A security researcher has discovered an Elasticsearch server that was left connected to the internet without a password, or firewall protection and has leaked what appears to be personal records and patient information for roughly 85 percent of Panama’s citizens.
Hugo van den Toorn, Manager Offensive Security at Outpost24:
“At first glance, it seems an almost classical mistake of a system that should not have been accessible over the Internet.
Unfortunately, this still is something we see all too frequent. A system that is brought up for probably all the right use cases, but security is either added later or completely forgotten in the process. What is interesting is that whenever you mention something like this, where a system is completely unprotected and connected to the Internet, the responses are almost always along the lines of ‘that would never happen to us’ or ‘that is just silly’. But as proven once again, mistakes are easily made. Even with our private data, one such mistake is enough for the data to be exposed.
The process to prevent this from happening can be relatively straight forward. Before connecting any system to the internet, ask yourself the questions: Who should have access to this data, would this data be considered sensitive and would I do this if this was my own personal data? The first two will help in determining the confidentiality of the data. The golden rule is; least access and privileges. Even without embracing a full ‘zero-trust’-approach, you should restrict access only on a need to have access basis. If you can, keep the data on your local network only. If possible, provide third-party access only through a secure connection such as a VPN. The last question clearly is a moral one, when you have to think about this you should not consider making the data public at all.”
Warren Poschman, Senior Solutions Architect at comforte AG:
“It seems that in 2019, the Island of Misfit Toys seems to be overrun with misconfigured Elastisearch, MongoDB, Big Data, and other Open Source instances. As in the latest revelation in Panama, there has been a near continuous string of incidents and findings showing that personal, health, and financial data is vulnerable. There is still a need to perform basic due diligence to properly configure all publicly available instances, regardless of if it is an Open Source or Commercial product – just because a product is freely available and highly scalable doesn’t mean you can skip the basic security recommendations and configurations. Beyond ensuring that products and services are properly deployed and maintained by competent, experienced staff, organizations must also secure their cloud-based data by adopting a data-centric security model that protects the data at rest, in motion, and in use – even if the properly configured system is compromised.”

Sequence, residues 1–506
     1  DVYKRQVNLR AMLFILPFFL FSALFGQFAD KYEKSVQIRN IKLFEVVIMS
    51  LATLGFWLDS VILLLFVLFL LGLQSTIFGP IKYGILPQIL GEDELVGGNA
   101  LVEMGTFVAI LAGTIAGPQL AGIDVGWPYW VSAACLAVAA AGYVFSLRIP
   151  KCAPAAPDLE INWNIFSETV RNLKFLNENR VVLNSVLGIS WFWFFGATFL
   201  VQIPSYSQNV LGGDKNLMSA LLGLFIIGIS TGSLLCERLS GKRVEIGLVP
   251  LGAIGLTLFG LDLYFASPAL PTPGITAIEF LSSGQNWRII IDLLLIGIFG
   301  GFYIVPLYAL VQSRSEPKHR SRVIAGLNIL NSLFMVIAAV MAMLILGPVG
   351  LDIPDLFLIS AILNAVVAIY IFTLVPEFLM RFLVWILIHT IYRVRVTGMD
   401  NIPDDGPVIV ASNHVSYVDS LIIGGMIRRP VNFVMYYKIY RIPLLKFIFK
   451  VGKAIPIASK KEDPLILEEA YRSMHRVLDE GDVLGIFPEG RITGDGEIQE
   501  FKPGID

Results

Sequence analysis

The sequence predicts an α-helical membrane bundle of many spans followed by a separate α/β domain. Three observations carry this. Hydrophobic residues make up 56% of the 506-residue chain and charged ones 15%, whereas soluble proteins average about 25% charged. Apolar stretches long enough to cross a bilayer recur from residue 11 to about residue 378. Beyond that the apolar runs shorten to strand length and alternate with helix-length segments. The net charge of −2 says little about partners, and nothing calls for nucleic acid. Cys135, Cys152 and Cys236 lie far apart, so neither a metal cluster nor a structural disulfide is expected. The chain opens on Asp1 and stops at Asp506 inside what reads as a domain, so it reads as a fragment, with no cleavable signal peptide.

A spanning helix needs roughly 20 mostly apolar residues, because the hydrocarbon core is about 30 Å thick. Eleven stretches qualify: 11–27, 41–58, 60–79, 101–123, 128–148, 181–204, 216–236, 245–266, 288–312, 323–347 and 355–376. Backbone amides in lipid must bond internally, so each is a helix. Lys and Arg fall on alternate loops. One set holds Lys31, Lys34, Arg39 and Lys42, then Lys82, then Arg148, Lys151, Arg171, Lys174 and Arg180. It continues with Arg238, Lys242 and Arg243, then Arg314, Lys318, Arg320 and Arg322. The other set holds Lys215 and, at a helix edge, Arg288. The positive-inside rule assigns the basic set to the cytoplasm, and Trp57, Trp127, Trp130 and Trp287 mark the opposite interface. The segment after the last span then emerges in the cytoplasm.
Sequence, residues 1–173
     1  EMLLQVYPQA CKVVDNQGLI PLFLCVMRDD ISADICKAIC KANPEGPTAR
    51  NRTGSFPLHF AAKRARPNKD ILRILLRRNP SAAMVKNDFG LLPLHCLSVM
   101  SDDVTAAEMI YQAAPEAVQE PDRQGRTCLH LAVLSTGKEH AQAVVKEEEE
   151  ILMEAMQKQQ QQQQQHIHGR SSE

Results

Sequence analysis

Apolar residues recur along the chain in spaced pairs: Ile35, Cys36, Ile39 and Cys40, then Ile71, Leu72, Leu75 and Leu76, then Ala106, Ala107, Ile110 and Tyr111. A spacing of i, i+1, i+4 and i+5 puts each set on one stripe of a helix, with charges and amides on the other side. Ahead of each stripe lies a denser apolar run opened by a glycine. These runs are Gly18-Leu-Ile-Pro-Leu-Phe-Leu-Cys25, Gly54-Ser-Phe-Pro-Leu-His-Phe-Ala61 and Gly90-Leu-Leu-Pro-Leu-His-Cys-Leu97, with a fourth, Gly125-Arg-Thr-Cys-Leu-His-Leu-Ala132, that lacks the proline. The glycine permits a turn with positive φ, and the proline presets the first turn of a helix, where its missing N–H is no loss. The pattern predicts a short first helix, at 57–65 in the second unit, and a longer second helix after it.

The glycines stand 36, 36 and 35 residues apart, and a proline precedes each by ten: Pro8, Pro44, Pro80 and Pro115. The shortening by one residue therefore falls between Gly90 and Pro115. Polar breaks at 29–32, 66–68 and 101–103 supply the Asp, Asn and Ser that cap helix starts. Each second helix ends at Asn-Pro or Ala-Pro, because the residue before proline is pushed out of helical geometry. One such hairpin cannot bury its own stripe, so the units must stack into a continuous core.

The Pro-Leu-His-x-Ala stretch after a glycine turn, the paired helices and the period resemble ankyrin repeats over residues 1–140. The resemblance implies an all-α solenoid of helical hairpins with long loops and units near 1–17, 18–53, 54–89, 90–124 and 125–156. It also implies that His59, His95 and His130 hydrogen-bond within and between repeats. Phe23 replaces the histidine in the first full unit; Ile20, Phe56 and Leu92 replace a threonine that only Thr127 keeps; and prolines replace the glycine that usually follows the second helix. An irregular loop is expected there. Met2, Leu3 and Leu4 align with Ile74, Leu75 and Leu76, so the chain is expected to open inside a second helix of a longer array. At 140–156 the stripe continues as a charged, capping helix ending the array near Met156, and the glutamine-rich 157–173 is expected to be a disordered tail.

Ryan Wilk, Vice President at NuData Security:
“The flood of personal information hitting the Internet is reaching new heights. Cybercriminals are using every piece of personal information to create synthetic identities, take over online accounts or open new lines of credit steal assets from the global market. Many companies are fighting back the devastating effects of stolen credentials and passwords by employing a multi-layered authentication platform that can identify customers by their behavior instead of compromised credentials.”
Anjola Adeniyi, Technical Leader at Securonix:
“It is hardly surprising news that once again citizens personal records have been found on an Elasticsearch server left connected to the internet without a password, or firewall protection. The lack of cyber hygiene demonstrated here tells us a lot about current cyber security culture.
If the data was “accessible to anyone with an internet connection” chances are they have already been accessed by unintended parties. Data breaches involving Personally Identifiable Information (PII) often lead to huge fines, reputation damage, and loss of trust. Not to mention the enormous impact on the individual from identity theft to financial compromise.”